Our website uses cookies

Cookies enable us to provide the best experience possible and help us understand how visitors use our website. By browsing Infosecurity Magazine, you agree to our use of cookies.

Okay, I understand Learn more

You’re Already Compromised: Exposing SSH as an Attack Vector

Download Now

To download this white paper you’ll need an Infosecurity Magazine account. Log in or sign up below.

Log In

Sign Up

Get up-to-the-minute news and opinions, plus access to a wide assortment of Information Security resources that will keep you current and informed.

This will be used to identify you if you take part in our online comments.
Your password should be at least six characters long. It is case sensitive. Passwords can only consist of alphanumeric characters or ~!@#$%^&*()_-+=?.

Infosecurity Magazine collects personal information when you register for our magazine and sponsored content. We will use this information to deliver the product or service for which you are registering.

We will also share your information with the declared sponsor of any webinar, whitepaper or virtual event for which you register and this sponsor is clearly indicated on each event page. You can opt out at any time in your user account.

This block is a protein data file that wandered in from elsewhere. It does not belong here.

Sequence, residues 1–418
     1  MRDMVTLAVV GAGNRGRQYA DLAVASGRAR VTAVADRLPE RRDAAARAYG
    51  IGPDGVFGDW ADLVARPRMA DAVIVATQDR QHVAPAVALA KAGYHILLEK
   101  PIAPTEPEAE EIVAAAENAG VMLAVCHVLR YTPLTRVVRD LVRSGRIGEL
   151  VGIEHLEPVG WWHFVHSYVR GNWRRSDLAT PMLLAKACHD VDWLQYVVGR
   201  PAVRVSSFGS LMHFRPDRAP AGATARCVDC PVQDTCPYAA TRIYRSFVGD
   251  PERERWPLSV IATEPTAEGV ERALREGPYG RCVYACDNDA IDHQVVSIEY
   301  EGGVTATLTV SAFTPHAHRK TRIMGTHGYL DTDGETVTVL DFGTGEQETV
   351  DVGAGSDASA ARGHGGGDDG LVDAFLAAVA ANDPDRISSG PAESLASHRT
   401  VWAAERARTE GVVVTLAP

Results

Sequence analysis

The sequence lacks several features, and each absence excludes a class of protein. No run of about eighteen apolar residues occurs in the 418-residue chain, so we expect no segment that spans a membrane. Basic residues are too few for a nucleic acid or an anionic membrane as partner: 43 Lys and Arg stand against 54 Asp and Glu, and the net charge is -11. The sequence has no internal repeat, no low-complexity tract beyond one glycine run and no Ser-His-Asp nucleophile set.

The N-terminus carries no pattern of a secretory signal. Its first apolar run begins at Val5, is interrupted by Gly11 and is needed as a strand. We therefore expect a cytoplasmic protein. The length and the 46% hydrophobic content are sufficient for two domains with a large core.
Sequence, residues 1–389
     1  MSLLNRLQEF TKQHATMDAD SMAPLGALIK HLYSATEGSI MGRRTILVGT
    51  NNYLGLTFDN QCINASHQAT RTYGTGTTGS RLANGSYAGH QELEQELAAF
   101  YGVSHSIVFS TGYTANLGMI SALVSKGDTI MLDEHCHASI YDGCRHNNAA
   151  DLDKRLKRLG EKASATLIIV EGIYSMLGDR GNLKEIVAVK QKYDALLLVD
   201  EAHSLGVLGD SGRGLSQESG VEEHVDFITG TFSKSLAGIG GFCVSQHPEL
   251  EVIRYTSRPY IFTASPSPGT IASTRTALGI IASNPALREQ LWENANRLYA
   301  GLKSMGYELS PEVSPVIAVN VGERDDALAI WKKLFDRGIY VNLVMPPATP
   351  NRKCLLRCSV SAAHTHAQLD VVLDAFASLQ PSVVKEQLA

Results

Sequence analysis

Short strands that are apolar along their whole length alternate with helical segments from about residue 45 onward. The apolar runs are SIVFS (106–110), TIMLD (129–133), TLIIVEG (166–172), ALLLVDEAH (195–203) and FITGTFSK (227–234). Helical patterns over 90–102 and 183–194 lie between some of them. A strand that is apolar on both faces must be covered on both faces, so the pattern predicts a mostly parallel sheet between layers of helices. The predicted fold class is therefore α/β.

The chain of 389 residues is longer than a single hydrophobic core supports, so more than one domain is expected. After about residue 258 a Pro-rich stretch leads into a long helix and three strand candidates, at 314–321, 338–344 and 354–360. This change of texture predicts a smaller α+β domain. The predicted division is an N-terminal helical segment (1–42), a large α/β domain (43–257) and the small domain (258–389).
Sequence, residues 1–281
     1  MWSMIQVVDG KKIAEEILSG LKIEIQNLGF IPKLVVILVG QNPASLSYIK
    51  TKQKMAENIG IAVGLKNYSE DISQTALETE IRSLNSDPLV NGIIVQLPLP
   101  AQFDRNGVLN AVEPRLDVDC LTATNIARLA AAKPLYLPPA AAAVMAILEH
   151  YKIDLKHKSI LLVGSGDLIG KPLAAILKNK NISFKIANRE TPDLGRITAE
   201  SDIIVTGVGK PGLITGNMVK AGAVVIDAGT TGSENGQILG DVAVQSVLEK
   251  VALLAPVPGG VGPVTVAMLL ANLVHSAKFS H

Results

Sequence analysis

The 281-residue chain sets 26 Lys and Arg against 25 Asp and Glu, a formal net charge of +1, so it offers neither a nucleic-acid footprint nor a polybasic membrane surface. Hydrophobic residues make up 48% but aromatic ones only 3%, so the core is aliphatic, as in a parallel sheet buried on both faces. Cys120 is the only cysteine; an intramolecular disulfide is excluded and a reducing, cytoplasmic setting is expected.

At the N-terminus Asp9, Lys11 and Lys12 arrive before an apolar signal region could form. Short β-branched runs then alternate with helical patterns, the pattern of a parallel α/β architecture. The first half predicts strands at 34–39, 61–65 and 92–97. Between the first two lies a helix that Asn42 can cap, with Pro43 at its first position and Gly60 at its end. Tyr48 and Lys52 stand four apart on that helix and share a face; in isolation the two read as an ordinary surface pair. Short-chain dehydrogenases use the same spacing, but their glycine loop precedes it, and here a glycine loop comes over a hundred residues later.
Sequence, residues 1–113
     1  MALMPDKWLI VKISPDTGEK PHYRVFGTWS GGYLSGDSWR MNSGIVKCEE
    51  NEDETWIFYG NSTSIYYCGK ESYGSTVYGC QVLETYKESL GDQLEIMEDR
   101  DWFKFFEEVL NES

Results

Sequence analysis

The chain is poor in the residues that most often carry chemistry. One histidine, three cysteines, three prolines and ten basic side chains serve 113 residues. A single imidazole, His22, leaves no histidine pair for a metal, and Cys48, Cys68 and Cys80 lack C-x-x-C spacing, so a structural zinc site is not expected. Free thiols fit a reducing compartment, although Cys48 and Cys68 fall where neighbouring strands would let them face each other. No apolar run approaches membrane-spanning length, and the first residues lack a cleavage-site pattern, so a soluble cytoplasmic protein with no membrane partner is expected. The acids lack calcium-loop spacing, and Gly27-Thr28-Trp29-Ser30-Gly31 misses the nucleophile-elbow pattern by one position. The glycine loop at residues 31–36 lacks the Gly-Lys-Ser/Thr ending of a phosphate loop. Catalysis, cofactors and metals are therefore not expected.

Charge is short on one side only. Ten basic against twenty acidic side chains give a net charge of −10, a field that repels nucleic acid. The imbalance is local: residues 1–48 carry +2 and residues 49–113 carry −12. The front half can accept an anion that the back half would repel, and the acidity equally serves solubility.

For more information explaining how we use your information please see our privacy policy.

By registering you agree with our terms and conditions and privacy policy.

Secure Shell (SSH) keys are an integral part of the digital world. It enables one system to access another remotely in a secure manner, enforcing authentication, authorization, and encryption of communications, Unfortunately, cybercriminals do take advantage of the trust that is established by SSH. Cybercriminals can use improperly secure SSH keys against organizations to gain access to critical systems and intellectual property that could damage a company’s brand and bottom line.

According to Ponemon Institute’s SSH security vulnerabilities research, 51% or organizations have already been compromised via SSH in the last 24 months. 74% either have no SSH policy or manual SSH policy in place, and 60% can’t detect new SSH keys on their networks. These results show just how poorly organizations secure and protect their SSH keys. The result is increased exposure to comprise.

In this white paper you will learn more about:

  • SSH vulnerabilities that organizations need to address
  • How cybercriminals leverage trust based attacks on keys and certificates to steal data
  • Strategies to help organizations secure and protect their SSH inventory.

Only with a clear understanding of your SSH environment can you take steps toward securing keys and certificates and reducing the overall threat surface.

Brought to You by

Should you download this whitepaper your information will be shared with the sponsor indicated above. See our privacy policy for more information.